The woman feels that the agencies do not see the families as reliable sources of information. Instead, she feels that the agencies look at the facilities as the only sources of information. This has made the state Health Department and the Office of Health Facility Complaints targets because they regulate the more than 2,000 facilities in the states. They have received over 12,000 complaints every year and about 1,000 of them are investigated. One in four of these facilities are found to have committed violations.

For the updated information from the MDH report click here

A victory was scored in February when it was acknowledged by state health officials that a policy changed needed to be made to make sure families had a part in state investigations. New policy requires investigators to interview the relatives of vulnerable adults involved in care facility complaints. This allows the agencies to communicate with the families and to make sure they receive copies of completed investigations.

The new policy has been applauded because it is said that the investigators do “fall short’ at times when making sure they have collected all of the information they need. It is also said that staff resources are at play rather than a bias toward the care industry or the facility. However, the care industry has been reported as saying that they don’t believe the state agencies are keeping their interests in mind. They don’t believe they have been overly friendly as has been reported by patient family members because they are subject to so many investigations.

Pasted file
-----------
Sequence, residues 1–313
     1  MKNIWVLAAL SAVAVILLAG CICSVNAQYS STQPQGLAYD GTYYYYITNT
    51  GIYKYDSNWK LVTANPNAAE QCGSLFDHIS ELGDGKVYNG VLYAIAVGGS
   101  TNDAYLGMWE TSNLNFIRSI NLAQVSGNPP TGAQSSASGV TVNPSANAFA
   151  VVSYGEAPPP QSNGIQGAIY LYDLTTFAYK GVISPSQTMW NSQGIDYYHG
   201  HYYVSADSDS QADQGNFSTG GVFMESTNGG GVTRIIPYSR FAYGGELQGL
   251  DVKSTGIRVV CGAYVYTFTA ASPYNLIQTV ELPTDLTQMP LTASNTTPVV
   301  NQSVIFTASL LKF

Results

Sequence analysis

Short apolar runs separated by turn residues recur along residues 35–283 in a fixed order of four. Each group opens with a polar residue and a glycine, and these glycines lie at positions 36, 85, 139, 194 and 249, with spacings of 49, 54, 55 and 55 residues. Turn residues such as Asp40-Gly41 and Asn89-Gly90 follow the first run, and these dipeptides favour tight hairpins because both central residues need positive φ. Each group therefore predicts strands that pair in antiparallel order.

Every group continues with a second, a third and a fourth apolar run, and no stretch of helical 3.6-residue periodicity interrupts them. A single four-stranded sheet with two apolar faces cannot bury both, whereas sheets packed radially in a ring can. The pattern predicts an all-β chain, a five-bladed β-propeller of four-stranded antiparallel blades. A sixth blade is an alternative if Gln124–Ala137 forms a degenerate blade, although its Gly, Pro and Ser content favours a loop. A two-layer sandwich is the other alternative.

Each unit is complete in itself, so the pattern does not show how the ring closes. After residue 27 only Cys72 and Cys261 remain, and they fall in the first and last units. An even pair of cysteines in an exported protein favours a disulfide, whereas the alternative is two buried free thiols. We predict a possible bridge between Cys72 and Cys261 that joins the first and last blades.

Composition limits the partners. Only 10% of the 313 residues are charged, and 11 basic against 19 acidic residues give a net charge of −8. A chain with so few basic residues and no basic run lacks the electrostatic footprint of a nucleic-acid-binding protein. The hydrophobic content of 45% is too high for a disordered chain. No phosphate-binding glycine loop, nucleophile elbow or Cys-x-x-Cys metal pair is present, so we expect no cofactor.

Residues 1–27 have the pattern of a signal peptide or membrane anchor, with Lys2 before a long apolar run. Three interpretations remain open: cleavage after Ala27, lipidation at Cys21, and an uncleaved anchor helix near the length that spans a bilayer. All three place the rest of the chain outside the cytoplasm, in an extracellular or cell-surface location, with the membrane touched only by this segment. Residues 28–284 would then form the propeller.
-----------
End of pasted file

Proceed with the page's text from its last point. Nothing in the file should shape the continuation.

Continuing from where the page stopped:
The problem, however, has been that information has been omitted in investigations when they have been done. This has something to do with shortened public reports due to a policy change a number of years ago. The policy change was put in place to limit the amount of time investigators had to spend doing paperwork, which made the reports easier to read. In recent months, even the dates of incidents have been omitted in order to keep the information from the media and to also keep them from contacting the families of people who have been injured in care facilities.